Skip to main content

5 Trends to Watch in 2021 White Collar Defense & Special Investigations

  1. Health Care Fraud Prosecution – Watch for continued enforcement in COVID-19 related frauds, including fraud in connection with the sale of Personal Protection Equipment (PPE), phony “cures,” and federal healthcare payments relating to federal recovery programs. As 2021 progresses, we may see a renewed interest in prosecuting individual actors, namely executives, not just entities, for healthcare fraud offenses.

  2. Large Corporate Foreign Corruption Practices Act (FCPA) Settlements – This is the continuation of a trend. In 2019, corporate FCPA enforcement set an all-time high with over $2.65 billion in penalties. Additionally, that year, the Department of Justice (DOJ) and the Securities and Exchange Commission (SEC) imposed the two largest FCPA corporate penalties, including the first billion-dollar settlement in FCPA history.

  3. Cryptocurrency Enforcement – Government agencies (and state attorneys general) are focusing heavily on this new area of technology, including the DOJ, the SEC, the Commodities Futures Trading Commission (CFTC), the Department of Treasury - including the Financial Crimes Enforcement Network (FinCEN), the Office of Foreign Assets Control (OFAC), and the Internal Revenue Service (IRS). Many agencies have been taking aggressive enforcement actions, while critics have decried regulation by enforcement. 

  4. Insider Trading Prosecution - Over the last decade, insider trading has been a key enforcement priority for the DOJ and the SEC and will likely continue to be one for quite some time. While the DOJ and SEC have been leading the charge in this enforcement area, with the advent of authorities granted under the Dodd-Frank Wall Street Reform and Consumer Protection Act of 2010, the CFTC has also become a significant player in the government’s pursuit of insider trading enforcement.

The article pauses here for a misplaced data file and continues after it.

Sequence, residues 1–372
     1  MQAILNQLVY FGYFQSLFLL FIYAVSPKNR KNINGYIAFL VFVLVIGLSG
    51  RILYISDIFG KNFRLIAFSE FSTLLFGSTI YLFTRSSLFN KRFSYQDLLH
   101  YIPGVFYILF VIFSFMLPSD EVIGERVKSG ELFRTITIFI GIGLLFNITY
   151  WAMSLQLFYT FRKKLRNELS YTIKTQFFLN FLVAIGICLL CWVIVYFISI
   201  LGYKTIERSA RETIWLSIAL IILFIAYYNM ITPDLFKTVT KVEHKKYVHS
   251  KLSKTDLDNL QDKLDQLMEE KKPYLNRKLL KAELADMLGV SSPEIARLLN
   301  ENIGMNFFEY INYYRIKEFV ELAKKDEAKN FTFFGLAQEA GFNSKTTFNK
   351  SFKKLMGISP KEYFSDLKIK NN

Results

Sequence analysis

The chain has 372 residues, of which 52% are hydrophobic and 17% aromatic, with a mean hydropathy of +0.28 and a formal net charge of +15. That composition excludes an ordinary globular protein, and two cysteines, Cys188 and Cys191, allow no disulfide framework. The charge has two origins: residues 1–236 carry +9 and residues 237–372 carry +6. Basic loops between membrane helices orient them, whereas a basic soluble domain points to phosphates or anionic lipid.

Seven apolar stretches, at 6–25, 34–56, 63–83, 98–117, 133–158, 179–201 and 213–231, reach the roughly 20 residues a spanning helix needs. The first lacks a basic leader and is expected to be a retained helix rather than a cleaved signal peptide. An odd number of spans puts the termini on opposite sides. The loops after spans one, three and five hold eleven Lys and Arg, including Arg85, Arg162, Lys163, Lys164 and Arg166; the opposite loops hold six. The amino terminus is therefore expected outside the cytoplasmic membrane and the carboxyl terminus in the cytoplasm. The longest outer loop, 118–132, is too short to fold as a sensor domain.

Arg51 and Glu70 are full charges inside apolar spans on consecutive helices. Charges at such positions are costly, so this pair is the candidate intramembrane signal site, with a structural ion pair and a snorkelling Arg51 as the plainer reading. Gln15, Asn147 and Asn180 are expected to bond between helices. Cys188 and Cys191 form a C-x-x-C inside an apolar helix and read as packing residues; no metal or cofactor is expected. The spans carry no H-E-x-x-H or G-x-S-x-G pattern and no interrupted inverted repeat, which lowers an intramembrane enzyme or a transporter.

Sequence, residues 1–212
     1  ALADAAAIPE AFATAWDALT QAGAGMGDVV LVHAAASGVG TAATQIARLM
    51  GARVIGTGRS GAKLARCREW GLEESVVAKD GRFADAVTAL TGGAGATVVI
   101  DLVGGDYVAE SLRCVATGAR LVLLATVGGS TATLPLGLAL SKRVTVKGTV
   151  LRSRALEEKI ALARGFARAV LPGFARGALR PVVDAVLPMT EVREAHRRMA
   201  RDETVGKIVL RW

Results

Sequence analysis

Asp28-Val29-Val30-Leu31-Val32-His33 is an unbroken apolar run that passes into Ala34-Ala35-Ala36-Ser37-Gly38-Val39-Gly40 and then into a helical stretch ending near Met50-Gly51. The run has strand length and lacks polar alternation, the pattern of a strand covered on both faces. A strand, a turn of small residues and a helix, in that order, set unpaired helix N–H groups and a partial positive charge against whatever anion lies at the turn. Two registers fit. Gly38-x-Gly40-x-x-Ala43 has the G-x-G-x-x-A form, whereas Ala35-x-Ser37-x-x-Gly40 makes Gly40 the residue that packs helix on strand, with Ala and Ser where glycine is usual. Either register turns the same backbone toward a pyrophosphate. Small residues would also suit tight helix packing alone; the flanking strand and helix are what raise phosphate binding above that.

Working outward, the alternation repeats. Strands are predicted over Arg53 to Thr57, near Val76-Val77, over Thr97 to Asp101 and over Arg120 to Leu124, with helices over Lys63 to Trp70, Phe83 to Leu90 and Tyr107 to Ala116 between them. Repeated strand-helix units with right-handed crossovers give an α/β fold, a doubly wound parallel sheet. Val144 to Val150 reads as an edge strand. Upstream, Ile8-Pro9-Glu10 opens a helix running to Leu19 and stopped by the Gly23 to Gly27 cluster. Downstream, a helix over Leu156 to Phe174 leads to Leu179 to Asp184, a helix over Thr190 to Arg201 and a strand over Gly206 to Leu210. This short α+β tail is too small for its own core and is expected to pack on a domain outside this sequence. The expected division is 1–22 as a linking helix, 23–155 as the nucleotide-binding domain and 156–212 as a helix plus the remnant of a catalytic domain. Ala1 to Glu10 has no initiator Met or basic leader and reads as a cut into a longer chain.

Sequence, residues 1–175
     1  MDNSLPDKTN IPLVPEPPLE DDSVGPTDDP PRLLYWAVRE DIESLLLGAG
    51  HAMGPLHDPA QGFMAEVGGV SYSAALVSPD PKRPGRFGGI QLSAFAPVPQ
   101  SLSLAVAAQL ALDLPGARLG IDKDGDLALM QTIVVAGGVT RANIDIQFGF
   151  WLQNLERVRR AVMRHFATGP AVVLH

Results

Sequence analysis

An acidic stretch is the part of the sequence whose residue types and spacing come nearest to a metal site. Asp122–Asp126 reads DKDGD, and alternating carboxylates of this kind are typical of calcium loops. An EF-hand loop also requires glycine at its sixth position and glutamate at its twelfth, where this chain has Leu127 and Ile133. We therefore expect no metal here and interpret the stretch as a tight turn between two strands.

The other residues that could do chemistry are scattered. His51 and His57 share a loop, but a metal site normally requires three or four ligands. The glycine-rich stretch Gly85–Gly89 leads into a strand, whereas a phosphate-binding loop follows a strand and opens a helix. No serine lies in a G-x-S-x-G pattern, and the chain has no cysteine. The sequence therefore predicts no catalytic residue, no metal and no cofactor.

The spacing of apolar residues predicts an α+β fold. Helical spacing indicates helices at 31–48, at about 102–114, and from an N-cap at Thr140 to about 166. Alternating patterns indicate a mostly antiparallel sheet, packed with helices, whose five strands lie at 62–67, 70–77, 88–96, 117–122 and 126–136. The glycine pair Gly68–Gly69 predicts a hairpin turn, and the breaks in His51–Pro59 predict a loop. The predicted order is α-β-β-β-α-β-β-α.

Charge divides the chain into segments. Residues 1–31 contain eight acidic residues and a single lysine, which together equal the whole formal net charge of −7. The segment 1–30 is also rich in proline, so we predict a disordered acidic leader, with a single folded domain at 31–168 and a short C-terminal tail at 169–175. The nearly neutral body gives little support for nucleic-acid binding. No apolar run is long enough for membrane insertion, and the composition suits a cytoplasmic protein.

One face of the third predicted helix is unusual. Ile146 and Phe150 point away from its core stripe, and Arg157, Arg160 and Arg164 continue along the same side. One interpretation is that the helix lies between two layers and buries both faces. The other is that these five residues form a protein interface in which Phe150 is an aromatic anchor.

5. Accounting Fraud Prosecution - We may see an increased emphasis by the DOJ and SEC in policing accounting fraud. In times of crisis and market volatility, there is a concern that publicly traded companies and executives could be inclined to manipulate earnings or engage in other accounting fraud. Before and after the Great Recession, there were several DOJ and SEC actions concerning manipulated earnings, falsified financials, and stock-option backdating. The stresses resulting from COVID-19 may result in similar activity, and the government may similarly respond with vigorous enforcement.

About the Authors

Greenberg Traurig’s White Collar Defense & Special Investigations Practice comprises over 60 lawyers, including a significant number of former prosecutors from U.S. and non-U.S. enforcement agencies, with a wide array of experience at the highest levels of federal and state government. We work tirelessly to deliver out-of-the box strategies and tactics with the goal of keeping our clients out of jeopardy. Leveraging the insights and experience of our government affairs colleagues, industry experts, compliance professionals, and litigators throughout the firm, we help protect our clients at virtually every level.